“You’ve obviously thought about this,” I say. “It’s not just coming out of the blue.”
“Yeah, absolutely. I’ve spent a lot of time thinking about it. And you have to try to work through every possible situation. It takes a lot of time, but that is the only way I could get through it.”
“Let me ask you this,” I say. “Are you able to get away from it at all, Alex? Is your situation – your current life – all-consuming? I mean, you’ve told me you want to be the best husband, the best father… noble goals for any of us. But are you able to put your situation aside and just focus on being that father or that husband or that friend… or is what happened to you always there?”
“No, no, I can definitely put it aside,” he insists. “If I’m mucking about with my little boy, I do put it aside. I think you have to. You just can’t think about it 24/7. If you do, you become engulfed with it. It takes over your life: there’s nothing else. I mean, it’s a fine line. I’m lucky because I do a lot of activities with military guys and I raise funds for the military charity, and we do kayaking, cycling, skydiving. And when I’m with those guys, I feel absolutely normal. Feel like I’ve got an able body. And that helps: being with like-minded people and also giving everything a go. When I realized that all my dreams had gone, I thought I’m either going to worry about it, or not do anything or go out and find what people were doing and let’s give it a go. Let’s try it and see how we get on. And I was lucky that with the charity I got involved with, they got behind me and they helped. And this year I fly to Africa, next year to New Zealand… I get to do some amazing things! And I’m incredibly grateful for that.”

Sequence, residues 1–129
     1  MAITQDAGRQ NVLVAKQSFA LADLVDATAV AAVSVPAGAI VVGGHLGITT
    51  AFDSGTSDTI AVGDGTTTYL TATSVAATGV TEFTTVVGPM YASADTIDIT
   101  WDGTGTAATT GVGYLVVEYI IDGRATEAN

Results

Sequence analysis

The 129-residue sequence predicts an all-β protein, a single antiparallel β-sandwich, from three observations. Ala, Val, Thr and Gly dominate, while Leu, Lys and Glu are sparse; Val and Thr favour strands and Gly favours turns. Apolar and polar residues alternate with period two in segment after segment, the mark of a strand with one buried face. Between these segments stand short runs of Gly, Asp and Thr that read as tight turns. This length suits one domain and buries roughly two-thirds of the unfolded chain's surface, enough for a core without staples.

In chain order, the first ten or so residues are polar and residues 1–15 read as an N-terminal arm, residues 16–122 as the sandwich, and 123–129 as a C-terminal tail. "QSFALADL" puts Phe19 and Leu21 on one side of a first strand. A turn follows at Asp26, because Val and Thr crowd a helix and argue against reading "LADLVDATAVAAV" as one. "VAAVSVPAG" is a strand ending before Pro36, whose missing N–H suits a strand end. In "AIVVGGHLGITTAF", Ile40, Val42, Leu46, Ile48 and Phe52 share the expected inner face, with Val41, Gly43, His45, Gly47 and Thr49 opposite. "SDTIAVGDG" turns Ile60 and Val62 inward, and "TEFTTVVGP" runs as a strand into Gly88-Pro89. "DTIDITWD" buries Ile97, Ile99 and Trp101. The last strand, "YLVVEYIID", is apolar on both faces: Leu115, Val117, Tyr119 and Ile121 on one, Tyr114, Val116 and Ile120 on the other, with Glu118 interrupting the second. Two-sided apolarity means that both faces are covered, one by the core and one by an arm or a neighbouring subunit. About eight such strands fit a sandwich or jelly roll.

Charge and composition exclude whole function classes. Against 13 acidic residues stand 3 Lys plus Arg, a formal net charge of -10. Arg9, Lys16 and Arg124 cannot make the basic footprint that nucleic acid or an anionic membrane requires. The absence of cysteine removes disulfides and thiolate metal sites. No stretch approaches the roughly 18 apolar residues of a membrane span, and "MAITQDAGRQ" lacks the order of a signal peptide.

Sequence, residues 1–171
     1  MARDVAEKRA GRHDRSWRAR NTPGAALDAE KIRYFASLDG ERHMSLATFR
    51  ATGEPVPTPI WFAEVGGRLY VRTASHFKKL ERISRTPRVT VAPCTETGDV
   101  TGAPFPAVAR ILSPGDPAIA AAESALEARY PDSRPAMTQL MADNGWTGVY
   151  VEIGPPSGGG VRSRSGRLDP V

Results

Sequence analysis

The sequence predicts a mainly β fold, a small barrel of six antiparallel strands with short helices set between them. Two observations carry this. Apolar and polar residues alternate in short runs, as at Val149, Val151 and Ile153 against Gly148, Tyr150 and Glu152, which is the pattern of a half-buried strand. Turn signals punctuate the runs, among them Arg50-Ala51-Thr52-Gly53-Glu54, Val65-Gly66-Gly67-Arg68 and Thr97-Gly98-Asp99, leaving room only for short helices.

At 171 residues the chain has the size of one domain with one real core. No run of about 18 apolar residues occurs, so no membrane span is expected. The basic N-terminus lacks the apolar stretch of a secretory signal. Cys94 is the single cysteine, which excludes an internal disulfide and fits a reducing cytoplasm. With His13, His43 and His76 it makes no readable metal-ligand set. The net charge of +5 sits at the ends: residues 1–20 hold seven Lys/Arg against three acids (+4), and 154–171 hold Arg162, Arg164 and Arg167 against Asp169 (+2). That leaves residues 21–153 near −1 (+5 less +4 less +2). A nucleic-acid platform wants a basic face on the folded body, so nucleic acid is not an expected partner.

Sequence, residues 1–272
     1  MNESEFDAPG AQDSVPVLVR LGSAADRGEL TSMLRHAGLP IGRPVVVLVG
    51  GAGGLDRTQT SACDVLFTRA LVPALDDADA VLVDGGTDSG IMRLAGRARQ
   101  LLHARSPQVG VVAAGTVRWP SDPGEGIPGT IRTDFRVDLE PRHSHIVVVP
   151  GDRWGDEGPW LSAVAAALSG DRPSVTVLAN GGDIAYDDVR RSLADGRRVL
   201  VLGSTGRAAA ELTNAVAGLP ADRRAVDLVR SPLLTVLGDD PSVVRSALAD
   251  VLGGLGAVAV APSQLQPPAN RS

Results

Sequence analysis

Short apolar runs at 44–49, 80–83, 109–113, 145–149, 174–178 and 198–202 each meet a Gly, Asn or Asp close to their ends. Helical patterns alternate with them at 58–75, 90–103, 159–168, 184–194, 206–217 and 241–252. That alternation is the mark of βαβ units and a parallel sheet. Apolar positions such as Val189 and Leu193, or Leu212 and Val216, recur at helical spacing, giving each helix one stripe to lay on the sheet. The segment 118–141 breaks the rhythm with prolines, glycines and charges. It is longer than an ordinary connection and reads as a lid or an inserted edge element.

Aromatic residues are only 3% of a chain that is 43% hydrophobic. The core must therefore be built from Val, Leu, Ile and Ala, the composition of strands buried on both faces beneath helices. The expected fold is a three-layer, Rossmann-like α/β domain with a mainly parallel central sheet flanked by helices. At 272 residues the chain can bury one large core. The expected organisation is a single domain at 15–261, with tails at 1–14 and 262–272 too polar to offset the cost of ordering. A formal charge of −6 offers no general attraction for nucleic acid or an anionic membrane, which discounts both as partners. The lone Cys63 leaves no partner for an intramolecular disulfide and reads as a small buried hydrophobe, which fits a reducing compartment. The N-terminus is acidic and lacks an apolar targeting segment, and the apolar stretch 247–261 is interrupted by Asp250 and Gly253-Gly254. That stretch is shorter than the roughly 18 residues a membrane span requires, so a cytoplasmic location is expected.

Back when he left the hospital, one thing Alex knew was that he didn’t want to
just sit around. He was keen to get out into the public so they could see him and see that
he was willing to come out. He wasn’t going to hide away.